This editorial refers to ‘Stiffness of large arteries and cardiovascular risk in patients with post-traumatic stress disorder’†, by J. Walczewska et al., on page 730
Worry and stress affects the circulation, the heart, the glands, the whole nervous system and profoundly affects heart action.Charles William Mayo 1889–1968
When Charles William Mayo, the son of the founder of the Mayo Clinic, made this statement linking stress to cardiac disease, post-traumatic stress disorder (PTSD) was not a recognized entity. However, his words have since proved prophetic.
The modern world is not a peaceful place, with a number of long-term ongoing conflicts exposing ever more young men and women to the horrors of modern warfare. Inevitably this has led to an increasing number of individuals being diagnosed with PTSD. What effects this will inflict on sufferers when they reach older age are largely unknown. However, given the likelihood of ever-increasing numbers, this is an important question.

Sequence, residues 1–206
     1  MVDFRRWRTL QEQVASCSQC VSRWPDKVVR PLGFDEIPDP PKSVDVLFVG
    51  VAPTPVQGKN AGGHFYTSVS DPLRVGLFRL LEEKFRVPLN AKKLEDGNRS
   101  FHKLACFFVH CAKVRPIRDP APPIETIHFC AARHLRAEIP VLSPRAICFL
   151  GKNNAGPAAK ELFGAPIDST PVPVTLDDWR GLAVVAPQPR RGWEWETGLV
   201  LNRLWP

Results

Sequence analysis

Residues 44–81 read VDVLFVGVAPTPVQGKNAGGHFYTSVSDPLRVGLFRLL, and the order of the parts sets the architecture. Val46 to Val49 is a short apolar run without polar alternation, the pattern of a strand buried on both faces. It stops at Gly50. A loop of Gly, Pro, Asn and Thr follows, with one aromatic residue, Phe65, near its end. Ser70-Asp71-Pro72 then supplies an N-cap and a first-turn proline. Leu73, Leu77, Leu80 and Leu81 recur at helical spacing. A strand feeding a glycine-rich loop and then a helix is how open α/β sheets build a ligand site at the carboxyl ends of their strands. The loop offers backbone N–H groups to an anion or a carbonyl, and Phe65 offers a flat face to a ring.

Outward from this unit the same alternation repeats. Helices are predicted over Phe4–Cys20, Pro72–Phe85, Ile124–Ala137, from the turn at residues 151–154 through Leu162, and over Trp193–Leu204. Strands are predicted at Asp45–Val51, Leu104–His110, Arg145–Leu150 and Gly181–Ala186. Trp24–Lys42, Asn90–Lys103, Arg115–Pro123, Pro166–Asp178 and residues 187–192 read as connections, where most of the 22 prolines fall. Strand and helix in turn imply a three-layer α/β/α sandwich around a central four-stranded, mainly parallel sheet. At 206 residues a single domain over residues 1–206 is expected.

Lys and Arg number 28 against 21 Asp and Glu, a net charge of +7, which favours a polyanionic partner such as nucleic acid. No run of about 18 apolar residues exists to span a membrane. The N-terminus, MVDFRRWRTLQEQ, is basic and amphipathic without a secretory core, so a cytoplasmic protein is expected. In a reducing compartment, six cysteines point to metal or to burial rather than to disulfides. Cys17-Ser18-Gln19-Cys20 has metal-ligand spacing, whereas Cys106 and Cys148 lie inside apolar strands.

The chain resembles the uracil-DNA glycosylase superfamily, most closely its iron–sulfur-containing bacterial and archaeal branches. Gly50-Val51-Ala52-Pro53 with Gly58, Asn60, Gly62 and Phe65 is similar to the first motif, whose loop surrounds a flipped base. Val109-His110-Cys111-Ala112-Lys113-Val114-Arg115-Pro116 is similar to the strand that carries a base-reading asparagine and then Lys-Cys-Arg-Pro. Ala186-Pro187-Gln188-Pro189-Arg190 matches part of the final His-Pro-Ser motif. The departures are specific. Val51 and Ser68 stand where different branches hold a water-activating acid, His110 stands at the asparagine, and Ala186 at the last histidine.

Although there is now considerable epidemiological evidence demonstrating an association between PTSD and cardiovascular (CV) disease,1 the mechanisms remain unclear. Aortic stiffness has emerged as a major independent risk factor for CV disease in a number of population-based studies,2 and a recent …